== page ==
Midweek Lent 2
Mountain to Mountain: Moriah to Zion
- OT: Genesis 22:1–14
- NT: Hebrews 11:17–19
Mountains are significant places in Scripture. The Hebrew people had a cosmology that saw heaven being up, hell being down, and the earth being in between. God Himself encourages this way of thinking as He continued to make Himself available to His people on mountains. So, mountains drew the people for worship.
Mount Sinai is a powerful example of the presence of the Lord God as it was covered in smoke and rumbled and burned when God was there. It is on this mountain that Moses entered into the presence of God and brought back all manner of messages and directions from the Most High. However, even earlier in the pages of Genesis, God called upon Abraham to bring Isaac, the son whom he loved, to the Mountain of Moriah and to offer him up as a burnt offering. Mountains bring one closer to God, and sacrifices made there ascend directly to Him in the smoke.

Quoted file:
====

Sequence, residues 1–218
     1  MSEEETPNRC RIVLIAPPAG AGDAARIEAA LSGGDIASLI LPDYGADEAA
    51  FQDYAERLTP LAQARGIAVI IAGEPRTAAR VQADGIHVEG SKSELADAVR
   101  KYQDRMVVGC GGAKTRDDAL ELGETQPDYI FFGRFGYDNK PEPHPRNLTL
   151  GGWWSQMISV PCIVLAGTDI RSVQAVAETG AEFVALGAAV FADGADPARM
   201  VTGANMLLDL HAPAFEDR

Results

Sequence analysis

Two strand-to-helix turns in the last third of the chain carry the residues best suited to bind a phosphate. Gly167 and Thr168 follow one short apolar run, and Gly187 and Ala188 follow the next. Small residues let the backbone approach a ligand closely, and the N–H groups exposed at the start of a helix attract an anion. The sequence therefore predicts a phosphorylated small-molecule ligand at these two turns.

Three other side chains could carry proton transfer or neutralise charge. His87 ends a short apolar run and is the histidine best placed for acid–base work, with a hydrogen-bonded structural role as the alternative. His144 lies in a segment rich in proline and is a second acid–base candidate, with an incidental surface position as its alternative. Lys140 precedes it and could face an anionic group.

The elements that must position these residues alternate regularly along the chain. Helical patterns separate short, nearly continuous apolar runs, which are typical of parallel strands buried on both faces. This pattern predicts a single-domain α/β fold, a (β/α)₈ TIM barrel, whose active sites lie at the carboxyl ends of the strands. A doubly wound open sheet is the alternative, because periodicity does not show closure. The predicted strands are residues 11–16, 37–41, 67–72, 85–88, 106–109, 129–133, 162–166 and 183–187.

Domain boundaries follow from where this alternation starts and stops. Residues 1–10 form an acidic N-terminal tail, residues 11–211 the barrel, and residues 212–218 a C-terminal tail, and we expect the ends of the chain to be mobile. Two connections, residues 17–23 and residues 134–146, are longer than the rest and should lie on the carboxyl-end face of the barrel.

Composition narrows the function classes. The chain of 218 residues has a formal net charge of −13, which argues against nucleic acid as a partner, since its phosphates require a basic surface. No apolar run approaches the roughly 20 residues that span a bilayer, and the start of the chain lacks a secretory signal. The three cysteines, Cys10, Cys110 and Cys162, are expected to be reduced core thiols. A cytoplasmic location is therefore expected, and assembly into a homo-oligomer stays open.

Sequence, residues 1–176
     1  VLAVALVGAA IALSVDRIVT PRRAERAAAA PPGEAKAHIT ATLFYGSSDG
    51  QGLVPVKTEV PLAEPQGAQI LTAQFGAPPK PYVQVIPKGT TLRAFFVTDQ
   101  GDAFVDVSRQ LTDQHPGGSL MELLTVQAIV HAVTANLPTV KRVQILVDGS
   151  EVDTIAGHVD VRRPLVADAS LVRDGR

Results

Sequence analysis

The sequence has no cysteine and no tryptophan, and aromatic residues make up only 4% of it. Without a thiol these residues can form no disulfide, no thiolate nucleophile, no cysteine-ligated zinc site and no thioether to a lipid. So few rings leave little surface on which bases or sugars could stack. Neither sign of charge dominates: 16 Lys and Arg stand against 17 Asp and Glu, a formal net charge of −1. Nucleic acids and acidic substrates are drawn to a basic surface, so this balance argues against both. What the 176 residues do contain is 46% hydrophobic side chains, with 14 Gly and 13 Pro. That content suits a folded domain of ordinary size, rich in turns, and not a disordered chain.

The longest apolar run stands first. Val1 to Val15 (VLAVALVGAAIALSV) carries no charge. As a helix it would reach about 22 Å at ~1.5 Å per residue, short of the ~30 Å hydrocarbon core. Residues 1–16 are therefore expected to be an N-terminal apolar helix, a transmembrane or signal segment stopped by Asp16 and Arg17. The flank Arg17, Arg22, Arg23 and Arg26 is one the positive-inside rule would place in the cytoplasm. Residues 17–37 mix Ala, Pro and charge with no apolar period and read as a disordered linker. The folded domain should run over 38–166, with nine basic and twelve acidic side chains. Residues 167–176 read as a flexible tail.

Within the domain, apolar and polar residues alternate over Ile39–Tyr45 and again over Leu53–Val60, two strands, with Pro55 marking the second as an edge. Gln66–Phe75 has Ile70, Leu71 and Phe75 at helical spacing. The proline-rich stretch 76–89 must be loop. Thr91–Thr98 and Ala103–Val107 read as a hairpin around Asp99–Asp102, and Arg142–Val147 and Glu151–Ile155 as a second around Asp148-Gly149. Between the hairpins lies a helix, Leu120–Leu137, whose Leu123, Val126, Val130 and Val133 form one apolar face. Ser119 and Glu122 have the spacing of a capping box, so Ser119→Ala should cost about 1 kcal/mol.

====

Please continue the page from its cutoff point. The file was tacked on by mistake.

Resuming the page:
The Mountain of Moriah will later be renamed Mount Zion: the Holy Mountain upon which the temple in Jerusalem is built. The city of Jerusalem is built upon seven hills, the highest being Zion. In the Most Holy Place, God established His throne room on earth, and the people ascended to Him there to worship Him. The Psalms of Ascent were sung or chanted as the people made their way through the streets of Jerusalem and up Mount Zion for worship. They climbed up to the temple; and even the temple itself had various levels of height. The higher the people ascended, the closer to God and His holiness they came.
This proximity to God on mountains is also noted by Jesus’ Transfiguration on a mountain and, of course, by Mount Calvary, where Jesus was offered up as a sacrifice for the sins of the world. “I was glad when they said to me, ‘Let us go to the house of the Lord’” (Psalm 122:1).